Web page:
But there are other possibilities as well. If Labor-Livni polls strongly and is joined by Lapid’s centrist party, they may find a partner in Avigdor Lieberman. The Foreign Minister and leader of the Israel Beitenu party ran a crass, anti-Arab campaign last time. “But Lieberman plays a different game inside the government than he does outside,” says Shai Feldman, director of Brandeis University’s Crown Center for Middle East Studies. “As Foreign Minister, he’s had to deal with the leaders of other countries. He’s more of a realist now.” But he’s also less of a political force, as recent polls show support for his party waning dramatically because of renewed corruption charges against Lieberman. “It is absolutely impossible to predict how this election is going to turn out,” Feldman says.

The New Generation

Netanyahu has been at the center of Israeli politics for nearly 25 years. Abbas has been a force in Palestinian politics even longer. But a new generation of leaders is rising, which is why the Lieberman-Dahlan meeting in Paris was noteworthy, at the very least. One thing the two men have in common, despite their wildly divergent politics, is that both believe the Netanyahu-Abbas era is coming to a close.

Dahlan is perhaps the most skilled of the next generation of Palestinian leaders, although he developed a well-deserved reputation as a thug when he led the Palestinian security services in Gaza. He is a young-looking 53, a protégé of Yasser Arafat’s and a native Gazan. He’s also the sworn enemy of Abbas, who accused Dahlan of corruption and convicted him in a show trial; Dahlan has been living in Abu Dhabi since 2011. He has already announced that he will run for President of the PA against Abbas–who is supremely unpopular–should Abbas ever call the Palestinian election that has been long delayed. But Dahlan’s strategy is more expansive than a one-on-one fight with Abbas. His hope is to create a new coalition that would appeal to people across the Palestinian political spectrum, from Hamas to Fatah.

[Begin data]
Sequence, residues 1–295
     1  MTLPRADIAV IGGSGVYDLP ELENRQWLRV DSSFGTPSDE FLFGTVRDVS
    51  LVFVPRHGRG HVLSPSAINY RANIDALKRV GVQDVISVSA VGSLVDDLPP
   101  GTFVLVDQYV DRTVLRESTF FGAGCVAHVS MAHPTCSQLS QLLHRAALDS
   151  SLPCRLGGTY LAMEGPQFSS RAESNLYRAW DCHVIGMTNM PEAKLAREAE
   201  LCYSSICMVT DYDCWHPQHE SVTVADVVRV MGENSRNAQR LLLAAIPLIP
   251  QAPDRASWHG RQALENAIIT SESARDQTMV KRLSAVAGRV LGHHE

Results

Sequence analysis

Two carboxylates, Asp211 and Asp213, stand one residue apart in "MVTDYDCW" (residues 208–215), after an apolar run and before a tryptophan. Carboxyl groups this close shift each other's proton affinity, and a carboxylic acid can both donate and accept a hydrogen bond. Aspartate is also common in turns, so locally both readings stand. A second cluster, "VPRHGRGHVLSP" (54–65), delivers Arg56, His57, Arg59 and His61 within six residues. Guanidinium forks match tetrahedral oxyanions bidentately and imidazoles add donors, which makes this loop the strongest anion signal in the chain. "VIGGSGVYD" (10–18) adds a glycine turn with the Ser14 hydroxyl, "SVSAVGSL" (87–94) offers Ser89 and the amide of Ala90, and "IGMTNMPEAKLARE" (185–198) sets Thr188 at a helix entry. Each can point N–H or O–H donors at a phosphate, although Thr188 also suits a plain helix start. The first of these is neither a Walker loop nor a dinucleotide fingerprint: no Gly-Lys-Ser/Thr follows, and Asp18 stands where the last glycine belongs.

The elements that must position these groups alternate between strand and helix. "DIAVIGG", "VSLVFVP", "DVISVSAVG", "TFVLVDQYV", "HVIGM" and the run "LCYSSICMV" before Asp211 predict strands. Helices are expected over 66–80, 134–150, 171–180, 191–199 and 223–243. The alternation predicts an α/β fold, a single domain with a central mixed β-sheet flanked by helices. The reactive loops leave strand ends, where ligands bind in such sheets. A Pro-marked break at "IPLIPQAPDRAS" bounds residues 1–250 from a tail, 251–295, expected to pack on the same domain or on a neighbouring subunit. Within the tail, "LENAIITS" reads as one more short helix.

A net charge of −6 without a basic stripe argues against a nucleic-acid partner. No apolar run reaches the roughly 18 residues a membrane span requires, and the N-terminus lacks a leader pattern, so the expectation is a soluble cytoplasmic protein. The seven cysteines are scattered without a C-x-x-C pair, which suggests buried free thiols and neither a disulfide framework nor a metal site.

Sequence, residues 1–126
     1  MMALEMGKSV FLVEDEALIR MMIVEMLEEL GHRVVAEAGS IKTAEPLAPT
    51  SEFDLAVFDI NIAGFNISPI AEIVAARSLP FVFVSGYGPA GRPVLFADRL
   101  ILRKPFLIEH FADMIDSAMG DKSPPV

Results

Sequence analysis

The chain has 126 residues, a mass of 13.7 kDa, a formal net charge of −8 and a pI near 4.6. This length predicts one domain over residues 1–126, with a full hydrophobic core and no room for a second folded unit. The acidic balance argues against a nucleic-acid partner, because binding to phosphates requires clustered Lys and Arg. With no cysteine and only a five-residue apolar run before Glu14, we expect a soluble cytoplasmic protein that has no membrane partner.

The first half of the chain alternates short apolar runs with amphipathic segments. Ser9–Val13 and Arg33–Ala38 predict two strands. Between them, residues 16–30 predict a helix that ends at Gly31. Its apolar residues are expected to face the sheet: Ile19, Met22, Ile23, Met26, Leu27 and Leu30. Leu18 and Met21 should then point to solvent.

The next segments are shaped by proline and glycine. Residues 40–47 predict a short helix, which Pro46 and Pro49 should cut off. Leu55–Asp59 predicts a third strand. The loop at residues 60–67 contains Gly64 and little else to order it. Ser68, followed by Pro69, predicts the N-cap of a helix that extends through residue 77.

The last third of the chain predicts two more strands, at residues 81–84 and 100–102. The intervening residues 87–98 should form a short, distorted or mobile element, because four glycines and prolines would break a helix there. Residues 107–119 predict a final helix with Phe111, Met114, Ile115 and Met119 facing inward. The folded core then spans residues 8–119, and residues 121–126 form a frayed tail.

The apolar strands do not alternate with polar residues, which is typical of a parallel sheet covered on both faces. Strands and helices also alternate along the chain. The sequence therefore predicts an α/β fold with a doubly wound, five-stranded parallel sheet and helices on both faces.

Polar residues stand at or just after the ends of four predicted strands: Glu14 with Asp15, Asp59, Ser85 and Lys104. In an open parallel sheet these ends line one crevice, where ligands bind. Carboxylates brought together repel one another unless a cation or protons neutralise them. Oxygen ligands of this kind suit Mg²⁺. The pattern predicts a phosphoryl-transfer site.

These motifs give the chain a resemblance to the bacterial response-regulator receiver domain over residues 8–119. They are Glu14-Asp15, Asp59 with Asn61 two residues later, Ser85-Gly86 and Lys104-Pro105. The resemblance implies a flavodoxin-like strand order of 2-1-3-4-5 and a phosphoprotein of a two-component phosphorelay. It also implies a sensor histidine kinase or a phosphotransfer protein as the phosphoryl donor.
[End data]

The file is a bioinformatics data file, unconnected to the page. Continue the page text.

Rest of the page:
How could he manage that? By forming an alliance with a Palestinian leader currently sitting in an Israeli prison. Marwan Barghouti, 55, is considered a folk hero by both Hamas and Fatah. He was a prominent leader of the first and second intifadehs before he was arrested by the Israelis in 2002 and sentenced to five continuous life terms for murder. Barghouti’s wife has already announced her support for a movement to draft him for President. Dahlan’s vision is that Barghouti would be the titular head of the PA from inside prison and Dahlan himself would be the hands-on guy, running the show from Ramallah, while former Palestinian Prime Minister Salam Fayyad, widely considered Palestine’s most effective bureaucrat, would administer the West Bank.